Audible was recently sued by seven publishers who allege that the audiobook publisher’s new “Captions” feature, which scrolls machine-generated text along with audio narration, violates their copyrights. Audible agreed not to enable the feature “for all audiobooks for which Publishers own, or are the exclusive licensee of, the text or audiobook rights” until the court rules on the plaintiff’s request for a preliminary injunction.
Audible also notified its self-published authors that their work won’t be appearing in Captions soon, either: “we have chosen to wait until the outcome of the proceeding to release [Captions]. In the meantime, we are working to roll out Captions for public domain titles to over 150,000 US high school students in support of our educational focus. We look forward to a full rollout of Captions once the legal proceeding is resolved.”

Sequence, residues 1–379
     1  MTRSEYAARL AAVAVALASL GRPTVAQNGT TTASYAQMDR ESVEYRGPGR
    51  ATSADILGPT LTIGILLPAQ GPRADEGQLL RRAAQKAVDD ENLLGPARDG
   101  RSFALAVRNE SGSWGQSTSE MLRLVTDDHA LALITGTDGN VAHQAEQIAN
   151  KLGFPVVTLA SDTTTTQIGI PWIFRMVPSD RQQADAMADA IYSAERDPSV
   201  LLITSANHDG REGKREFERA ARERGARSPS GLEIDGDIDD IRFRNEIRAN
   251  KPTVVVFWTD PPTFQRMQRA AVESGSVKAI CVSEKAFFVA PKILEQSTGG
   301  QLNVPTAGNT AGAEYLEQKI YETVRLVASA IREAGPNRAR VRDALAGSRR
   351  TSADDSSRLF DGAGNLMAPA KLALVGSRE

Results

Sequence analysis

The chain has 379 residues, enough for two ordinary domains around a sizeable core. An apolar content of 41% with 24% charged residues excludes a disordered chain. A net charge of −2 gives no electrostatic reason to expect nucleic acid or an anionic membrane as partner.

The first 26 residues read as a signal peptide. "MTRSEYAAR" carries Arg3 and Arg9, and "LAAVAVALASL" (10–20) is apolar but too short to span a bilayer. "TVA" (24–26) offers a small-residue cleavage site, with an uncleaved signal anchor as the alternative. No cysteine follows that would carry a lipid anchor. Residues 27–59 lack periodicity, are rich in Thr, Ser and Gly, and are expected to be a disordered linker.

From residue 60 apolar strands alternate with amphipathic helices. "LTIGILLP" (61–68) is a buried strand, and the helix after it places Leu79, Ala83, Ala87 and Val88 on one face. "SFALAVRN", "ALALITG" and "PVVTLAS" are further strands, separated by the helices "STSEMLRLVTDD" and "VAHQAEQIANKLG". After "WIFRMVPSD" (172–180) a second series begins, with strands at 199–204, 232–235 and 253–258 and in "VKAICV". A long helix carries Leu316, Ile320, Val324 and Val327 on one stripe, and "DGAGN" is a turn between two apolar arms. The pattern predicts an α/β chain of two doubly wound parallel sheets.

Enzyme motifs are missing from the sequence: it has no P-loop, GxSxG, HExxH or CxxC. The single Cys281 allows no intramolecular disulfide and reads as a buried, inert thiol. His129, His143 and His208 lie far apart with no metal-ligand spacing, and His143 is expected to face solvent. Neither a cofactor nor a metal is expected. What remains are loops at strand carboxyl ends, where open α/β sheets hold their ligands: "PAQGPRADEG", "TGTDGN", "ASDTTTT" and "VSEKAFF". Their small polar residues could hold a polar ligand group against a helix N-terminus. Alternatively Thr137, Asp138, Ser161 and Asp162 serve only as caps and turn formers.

Audible filed their reply to the suit on September 10, arguing that the disagreement with the publishers is a contract dispute, not a copyright one, and that the court should accordingly dismiss the case: “Plaintiffs have come to this Court with the wrong claim. Each Plaintiff granted Audible a license to its copyrighted works, and yet now alleges that Audible Captions infringes those licensed works. But the law is clear: by agreeing to those licenses, Plaintiffs waived their right to sue for copyright infringement as a result of licensed conduct.” Audible says if the publishers are unhappy and want to take action, “they must do so as contract counterparties claiming breach, or carry their burden to prove some relevant limitation to the scope of the licenses they granted.” In case the court doesn’t agree with that defense, Audible also argues that Captions is “quintessential fair use,” mostly citing its educational value. The publishers have until September 20 to respond, and a hearing is scheduled for September 23.
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